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Hey partner. Go to youtube and watch Jim Kibler's excellent tutorial on using aqua fortis and heat. Anything less might be a waste of figure. It's possible to overstain with something else. But watch the process. Jim has a great youtube channel.

Pete Davis
 

GAHUNTER60

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So tvm gave your down payment back to you

I explained in another post that TVM was supposed to email me my deposit amount this week, based on all the extras that I wanted. I never sent them the deposit, which means my order wasn not complete yet. Had I sent them the money and firmed it up, I would never have changed to the Kibler.
 

Pete G

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I explained in another post that TVM was supposed to email me my deposit amount this week, based on all the extras that I wanted. I never sent them the deposit, which means my order wasn not complete yet. Had I sent them the money and firmed it up, I would never have changed to the Kibler.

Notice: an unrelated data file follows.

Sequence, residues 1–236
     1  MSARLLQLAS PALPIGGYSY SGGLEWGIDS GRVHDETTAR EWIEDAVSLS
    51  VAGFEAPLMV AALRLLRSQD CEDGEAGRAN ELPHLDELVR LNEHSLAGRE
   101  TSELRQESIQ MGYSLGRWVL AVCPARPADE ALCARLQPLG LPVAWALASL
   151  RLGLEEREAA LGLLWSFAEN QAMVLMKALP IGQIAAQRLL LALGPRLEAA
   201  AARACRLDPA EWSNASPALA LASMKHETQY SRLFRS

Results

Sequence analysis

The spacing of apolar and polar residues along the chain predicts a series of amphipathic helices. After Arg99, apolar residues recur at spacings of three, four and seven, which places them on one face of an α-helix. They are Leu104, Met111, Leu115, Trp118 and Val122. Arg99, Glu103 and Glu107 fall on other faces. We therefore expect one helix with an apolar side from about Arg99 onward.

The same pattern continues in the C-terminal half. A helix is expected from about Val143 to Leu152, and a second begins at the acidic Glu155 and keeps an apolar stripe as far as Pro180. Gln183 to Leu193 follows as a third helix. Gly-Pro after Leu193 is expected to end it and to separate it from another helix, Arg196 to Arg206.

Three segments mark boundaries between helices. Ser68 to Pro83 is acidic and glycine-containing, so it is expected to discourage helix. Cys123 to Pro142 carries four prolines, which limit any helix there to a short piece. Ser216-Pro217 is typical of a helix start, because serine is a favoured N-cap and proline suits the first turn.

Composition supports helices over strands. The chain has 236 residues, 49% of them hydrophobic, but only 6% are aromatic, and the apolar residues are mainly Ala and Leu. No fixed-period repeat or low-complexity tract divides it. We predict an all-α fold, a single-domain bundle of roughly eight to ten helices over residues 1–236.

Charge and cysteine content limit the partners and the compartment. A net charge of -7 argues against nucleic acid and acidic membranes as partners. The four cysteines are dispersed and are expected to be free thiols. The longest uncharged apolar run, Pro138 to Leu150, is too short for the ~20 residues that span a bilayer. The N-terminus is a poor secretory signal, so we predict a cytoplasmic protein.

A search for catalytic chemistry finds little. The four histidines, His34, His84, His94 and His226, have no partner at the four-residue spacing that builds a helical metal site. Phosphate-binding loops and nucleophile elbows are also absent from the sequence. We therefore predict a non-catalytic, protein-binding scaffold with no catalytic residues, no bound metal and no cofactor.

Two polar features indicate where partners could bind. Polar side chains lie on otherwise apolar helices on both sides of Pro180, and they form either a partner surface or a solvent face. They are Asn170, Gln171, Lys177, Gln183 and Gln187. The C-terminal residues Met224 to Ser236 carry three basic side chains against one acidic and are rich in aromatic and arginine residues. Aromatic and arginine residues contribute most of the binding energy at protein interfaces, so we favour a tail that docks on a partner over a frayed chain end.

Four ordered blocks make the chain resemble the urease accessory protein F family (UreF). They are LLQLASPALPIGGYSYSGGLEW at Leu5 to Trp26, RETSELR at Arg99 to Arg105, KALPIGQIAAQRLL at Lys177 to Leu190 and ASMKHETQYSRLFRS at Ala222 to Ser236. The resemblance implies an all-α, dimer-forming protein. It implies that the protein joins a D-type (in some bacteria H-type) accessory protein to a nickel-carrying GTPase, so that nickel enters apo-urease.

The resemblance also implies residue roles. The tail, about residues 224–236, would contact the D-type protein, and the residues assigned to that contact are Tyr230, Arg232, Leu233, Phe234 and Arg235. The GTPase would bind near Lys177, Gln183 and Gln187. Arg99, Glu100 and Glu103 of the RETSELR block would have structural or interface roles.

You made the right choice .
 
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I just finished a Kibler SMR that had the standard grade maple. I was surprised how much figure it had. It was exactly what I wanted with no curl through the wrist to weaken it. I used Jim's aqua fortis two coats and the oil varnish he uses. Really turned out nice.
 
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Zonie